AUGUST 23, 1900 - OCTOBER 26, 1979
Born in Little Rock, Arkansas, Minto Cato received her musical education at the Washington Conservatory of Music and School of Expression (founded 1903) in Washington, D.C., a hidden cultural gem in its own right, aligned with Howard University. At its inception, it was unique in the city and perhaps the U.S. as a privately owned institution operated solely by Black musicians and was equipped to offer Black students a conservatory approach to music study. Cato taught piano in public schools in Arkansas and Georgia. In 1919, she opened a music studio in Detroit. Launching her professional career as a vaudevillian, she performed on B. F. Keith’s circuit in Detroit’s Temple Theatre in 1922. Marrying impresario Joe Sheftell in 1923, Cato performed in many of Sheftell’s shows during the 1920’s. With Sheftell, she toured Europe, Alaska, Canada and Mexico in a show called Southland Revue. By 1929, separated from her husband, she was in Chicago at the Regal Theatre with a solo act and as a producer in the US and abroad. Cato sang with Louis Armstrong in the Blackbirds shows, and she introduced the song “Memories of You” in Blackbirds of 1930. It was after these successes Cato decided to pursue opera, performing in Il Trovatore in 1936, and, in New York, in Aida, Show Boat, and Gentlemen Unafraid in 1938. Importantly, Cato was a member of The National Negro Opera Company (NNOC) founded in 1941 by Mary Cardwell Dawson to offer professional opportunities to Blacks. For over twenty years, the Company mounted major productions in East Coast cities. 1947 saw Cato in La Traviata, then a return to Europe performing through the early 1950s. Minto Cato can be heard in The Girl from Chicago (1932) on YouTube.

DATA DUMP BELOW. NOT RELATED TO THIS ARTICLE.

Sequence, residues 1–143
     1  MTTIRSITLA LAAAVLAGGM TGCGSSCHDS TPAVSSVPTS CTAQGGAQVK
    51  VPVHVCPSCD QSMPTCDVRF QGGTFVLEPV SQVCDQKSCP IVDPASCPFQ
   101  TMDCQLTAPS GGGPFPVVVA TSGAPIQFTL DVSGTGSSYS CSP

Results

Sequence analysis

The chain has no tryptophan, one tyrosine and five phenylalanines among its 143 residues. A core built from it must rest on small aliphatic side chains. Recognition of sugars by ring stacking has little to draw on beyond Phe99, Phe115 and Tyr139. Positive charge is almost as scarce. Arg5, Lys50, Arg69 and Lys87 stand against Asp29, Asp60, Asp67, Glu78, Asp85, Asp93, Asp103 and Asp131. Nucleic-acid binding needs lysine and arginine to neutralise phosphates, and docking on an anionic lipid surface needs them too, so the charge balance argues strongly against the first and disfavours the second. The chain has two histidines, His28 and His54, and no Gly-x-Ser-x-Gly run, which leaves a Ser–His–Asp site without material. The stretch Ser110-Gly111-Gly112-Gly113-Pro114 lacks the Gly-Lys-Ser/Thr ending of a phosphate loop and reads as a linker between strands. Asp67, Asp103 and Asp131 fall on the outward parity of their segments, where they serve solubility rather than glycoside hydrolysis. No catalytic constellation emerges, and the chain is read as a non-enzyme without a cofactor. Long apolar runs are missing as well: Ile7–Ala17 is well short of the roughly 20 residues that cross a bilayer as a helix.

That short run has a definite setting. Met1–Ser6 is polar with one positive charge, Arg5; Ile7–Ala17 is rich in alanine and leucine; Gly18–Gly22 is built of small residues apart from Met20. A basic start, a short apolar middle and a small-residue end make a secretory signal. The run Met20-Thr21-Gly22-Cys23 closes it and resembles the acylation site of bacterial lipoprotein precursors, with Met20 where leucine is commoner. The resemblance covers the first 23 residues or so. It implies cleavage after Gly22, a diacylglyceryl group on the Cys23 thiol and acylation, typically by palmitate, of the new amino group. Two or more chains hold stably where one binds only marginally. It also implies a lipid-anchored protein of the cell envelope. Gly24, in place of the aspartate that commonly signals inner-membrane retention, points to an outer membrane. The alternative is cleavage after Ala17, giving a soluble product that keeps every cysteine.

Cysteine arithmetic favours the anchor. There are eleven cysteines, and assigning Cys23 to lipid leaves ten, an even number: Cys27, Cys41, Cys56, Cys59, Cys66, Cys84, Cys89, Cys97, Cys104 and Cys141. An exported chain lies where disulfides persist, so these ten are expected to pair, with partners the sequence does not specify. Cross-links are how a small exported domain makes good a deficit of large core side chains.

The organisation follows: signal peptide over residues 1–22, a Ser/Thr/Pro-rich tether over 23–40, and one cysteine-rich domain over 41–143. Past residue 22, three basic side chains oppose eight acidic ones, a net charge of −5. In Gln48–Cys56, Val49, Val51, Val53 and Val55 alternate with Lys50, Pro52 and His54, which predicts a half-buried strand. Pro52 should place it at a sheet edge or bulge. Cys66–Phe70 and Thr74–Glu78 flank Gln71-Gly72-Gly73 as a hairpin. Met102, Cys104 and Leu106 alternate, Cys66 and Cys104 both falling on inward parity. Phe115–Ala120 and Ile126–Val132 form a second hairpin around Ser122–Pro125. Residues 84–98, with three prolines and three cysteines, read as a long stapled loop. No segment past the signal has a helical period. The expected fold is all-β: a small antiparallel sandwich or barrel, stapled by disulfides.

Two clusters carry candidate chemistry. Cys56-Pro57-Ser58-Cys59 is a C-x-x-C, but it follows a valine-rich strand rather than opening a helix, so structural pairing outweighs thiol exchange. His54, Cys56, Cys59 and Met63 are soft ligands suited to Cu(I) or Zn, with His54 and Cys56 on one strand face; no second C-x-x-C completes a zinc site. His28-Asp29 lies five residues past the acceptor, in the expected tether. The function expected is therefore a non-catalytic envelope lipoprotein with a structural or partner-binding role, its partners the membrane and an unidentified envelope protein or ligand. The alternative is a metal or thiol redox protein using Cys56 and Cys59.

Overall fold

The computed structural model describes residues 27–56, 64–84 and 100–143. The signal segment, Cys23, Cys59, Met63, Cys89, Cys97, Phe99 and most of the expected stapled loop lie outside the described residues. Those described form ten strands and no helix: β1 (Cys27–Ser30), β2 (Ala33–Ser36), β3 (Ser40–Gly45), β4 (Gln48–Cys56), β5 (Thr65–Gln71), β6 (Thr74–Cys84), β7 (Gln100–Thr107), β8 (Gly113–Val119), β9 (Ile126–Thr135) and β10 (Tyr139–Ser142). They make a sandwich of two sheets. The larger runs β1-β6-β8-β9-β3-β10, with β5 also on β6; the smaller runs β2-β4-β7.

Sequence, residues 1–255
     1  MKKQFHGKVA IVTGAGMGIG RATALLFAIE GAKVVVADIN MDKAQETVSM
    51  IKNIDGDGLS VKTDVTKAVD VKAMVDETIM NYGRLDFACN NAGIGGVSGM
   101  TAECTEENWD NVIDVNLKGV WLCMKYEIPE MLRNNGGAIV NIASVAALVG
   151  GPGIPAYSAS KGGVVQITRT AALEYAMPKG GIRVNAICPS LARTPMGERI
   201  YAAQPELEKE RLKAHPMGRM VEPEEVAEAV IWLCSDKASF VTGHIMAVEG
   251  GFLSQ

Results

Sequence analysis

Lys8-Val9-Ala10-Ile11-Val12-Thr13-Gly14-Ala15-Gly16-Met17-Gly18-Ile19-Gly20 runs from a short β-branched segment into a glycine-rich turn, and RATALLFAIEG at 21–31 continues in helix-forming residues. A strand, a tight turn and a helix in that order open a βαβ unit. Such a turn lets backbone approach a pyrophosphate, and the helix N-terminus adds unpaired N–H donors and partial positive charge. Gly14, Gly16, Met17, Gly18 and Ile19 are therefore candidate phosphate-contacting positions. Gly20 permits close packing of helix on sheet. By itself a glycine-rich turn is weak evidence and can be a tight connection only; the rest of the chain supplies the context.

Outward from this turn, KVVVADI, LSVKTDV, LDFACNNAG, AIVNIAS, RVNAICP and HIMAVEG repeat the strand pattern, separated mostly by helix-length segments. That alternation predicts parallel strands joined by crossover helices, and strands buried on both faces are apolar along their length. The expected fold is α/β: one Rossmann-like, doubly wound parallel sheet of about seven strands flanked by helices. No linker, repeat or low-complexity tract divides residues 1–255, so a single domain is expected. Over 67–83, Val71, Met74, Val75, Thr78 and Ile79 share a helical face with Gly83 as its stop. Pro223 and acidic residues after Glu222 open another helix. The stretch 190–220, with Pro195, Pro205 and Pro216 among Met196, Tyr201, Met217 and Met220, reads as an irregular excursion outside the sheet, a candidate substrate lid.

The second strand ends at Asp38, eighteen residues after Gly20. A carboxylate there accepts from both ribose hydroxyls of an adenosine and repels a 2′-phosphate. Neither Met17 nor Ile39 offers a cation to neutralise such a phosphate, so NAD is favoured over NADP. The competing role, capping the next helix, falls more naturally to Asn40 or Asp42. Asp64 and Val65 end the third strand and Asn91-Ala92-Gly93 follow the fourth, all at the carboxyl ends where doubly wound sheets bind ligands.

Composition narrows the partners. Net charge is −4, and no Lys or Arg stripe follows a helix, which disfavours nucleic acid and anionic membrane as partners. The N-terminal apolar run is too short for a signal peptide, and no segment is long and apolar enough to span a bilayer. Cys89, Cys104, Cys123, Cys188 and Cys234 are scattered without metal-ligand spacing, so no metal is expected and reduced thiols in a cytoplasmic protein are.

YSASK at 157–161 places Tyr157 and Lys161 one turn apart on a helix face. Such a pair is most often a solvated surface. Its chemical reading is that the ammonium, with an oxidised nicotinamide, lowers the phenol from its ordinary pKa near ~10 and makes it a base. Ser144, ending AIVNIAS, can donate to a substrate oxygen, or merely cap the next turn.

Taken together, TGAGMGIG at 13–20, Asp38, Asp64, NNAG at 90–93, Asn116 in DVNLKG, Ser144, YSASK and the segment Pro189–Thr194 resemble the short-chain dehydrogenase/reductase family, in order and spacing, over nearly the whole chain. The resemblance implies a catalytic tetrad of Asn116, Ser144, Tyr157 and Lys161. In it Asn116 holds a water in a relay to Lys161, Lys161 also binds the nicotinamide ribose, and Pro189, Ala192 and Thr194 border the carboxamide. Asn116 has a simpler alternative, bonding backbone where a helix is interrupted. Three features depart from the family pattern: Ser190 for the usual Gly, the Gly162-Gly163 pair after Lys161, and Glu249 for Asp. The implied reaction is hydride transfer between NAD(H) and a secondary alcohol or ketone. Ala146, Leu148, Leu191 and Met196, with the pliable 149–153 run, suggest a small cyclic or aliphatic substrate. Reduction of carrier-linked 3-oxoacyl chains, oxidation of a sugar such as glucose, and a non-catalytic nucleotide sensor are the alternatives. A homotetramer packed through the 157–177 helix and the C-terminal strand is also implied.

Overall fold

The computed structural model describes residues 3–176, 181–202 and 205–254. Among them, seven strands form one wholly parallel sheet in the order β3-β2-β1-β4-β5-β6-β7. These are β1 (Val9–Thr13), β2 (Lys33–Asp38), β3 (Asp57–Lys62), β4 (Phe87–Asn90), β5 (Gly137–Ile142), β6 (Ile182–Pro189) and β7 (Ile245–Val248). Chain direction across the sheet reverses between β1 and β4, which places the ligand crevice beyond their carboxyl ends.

Video Credit: hoffmannjazz Hoffmann
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